Los Angeles Times

San Francisco TASER measure backed by officers fails to pass
A measure that would have given San Francisco officers more latitude in when they can TASER suspects was defeated. KGO-TV reports that more than 60 percent of voters voted no on the measure, known as Proposition H, on Tuesday. The measure would have imposed less restrictive guidelines for when officers can use TASERs, according to the San Francisco Chronicle. The Police Commission approved the devices in November 2017 and adopted a policy regulating their use in March. Under the San Francisco Police Department's current policy, officers can only use TASERs on suspects who are “violently resisting.” 
Police One

500 recordings of 911 calls detail chaos, agony and determination after Las Vegas shooting
Las Vegas police on Wednesday released 911 calls — the fifth release of items related to the largest mass shooting in modern American history. Police already have released witness statements, police reports, body camera footage of metro officers breaching Paddock's door and traffic camera footage along Tropicana Avenue on the night of the shooting. In some recordings, the caller, likely distracted, never speaks directly with the dispatcher. All that is heard are sounds of chaos and agony.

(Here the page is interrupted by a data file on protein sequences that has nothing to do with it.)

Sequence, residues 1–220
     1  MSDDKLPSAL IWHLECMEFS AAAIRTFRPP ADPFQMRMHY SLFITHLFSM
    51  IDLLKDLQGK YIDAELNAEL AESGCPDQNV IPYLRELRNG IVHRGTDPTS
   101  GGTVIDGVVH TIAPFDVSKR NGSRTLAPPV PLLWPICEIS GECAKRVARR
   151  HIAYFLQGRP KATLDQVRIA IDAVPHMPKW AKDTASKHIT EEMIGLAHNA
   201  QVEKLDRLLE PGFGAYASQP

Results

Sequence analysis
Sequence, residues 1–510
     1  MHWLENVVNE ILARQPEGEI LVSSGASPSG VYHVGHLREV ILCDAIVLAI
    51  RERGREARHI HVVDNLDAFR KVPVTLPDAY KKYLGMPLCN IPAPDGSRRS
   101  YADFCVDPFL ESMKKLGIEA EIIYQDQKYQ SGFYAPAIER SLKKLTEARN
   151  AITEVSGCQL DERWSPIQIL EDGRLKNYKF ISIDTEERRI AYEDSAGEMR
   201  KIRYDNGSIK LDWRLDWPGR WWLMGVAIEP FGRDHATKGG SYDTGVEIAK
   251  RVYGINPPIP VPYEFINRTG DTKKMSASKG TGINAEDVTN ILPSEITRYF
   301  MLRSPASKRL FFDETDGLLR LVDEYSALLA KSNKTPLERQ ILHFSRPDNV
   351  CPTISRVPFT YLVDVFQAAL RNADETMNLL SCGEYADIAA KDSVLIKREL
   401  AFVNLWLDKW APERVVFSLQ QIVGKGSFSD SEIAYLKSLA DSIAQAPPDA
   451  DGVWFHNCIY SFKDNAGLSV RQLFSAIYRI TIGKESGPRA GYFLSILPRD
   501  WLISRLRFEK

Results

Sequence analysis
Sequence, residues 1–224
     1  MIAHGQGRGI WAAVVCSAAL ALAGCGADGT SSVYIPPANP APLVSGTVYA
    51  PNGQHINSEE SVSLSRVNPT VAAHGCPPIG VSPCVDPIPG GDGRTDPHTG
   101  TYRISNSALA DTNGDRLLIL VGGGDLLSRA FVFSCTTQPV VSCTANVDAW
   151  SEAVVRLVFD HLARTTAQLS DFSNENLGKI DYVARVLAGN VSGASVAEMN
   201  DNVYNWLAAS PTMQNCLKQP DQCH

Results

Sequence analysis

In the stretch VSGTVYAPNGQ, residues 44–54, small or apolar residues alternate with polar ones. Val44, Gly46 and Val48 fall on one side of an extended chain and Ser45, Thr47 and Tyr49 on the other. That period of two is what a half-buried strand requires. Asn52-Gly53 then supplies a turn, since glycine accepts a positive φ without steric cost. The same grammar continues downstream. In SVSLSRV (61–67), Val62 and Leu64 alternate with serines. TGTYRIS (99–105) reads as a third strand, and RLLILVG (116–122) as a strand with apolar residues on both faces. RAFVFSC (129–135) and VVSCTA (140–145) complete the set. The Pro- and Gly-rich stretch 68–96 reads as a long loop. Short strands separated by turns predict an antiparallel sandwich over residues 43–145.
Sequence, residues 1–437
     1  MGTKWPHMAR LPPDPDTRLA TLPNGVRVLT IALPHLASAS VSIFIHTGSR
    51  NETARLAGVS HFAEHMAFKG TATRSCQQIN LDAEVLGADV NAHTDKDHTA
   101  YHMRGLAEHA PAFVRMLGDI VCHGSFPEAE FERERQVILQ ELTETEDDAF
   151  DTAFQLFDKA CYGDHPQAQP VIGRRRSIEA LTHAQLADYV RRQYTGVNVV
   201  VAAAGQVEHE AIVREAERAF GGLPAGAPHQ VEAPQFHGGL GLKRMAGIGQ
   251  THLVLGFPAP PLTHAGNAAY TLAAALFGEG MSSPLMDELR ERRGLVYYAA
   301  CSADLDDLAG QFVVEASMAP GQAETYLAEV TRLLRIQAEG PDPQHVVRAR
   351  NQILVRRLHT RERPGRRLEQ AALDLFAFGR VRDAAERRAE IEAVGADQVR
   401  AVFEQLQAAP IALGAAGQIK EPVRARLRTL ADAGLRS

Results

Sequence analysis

Los Angeles Times

Feds plan mass prosecution of illegal border-crossing cases in San Diego, attorneys say
U.S. border authorities, in a significant escalation of the Trump administration's “zero tolerance” immigration policy, are planning to introduce a fast-track prosecution program to criminally charge more people who cross the border into California illegally, according to attorneys in San Diego. Under the program, called Operation Streamline, migrants will be moved through the criminal justice system in group hearings, with cases handled in a matter of hours, from arraignment to sentencing.
San Diego Tribune

Former ATF agent: Current gun tracing system is 'insane'
When police find a gun on TV they run the serial number through a computer and it tells them who owns it in seconds. The reality is different, slower and more confusing than that. That's because decades-old laws limit the technology federal agents can use to trace guns. “The privacy rights of the gun owner have trumped my right not to get shot in the head,” said David Chipman, senior policy advisor for the gun control group  Giffords. Before joining Giffords, Chipman spent 25 years as a special agent for the Bureau of Alcohol, Tobacco, Firearms and Explosives, overseeing all the ATF's firearms programs. Chipman said it was only after he left the bureau that he could speak openly about the challenges the agency faces with one of its most important responsibilities: tracing guns.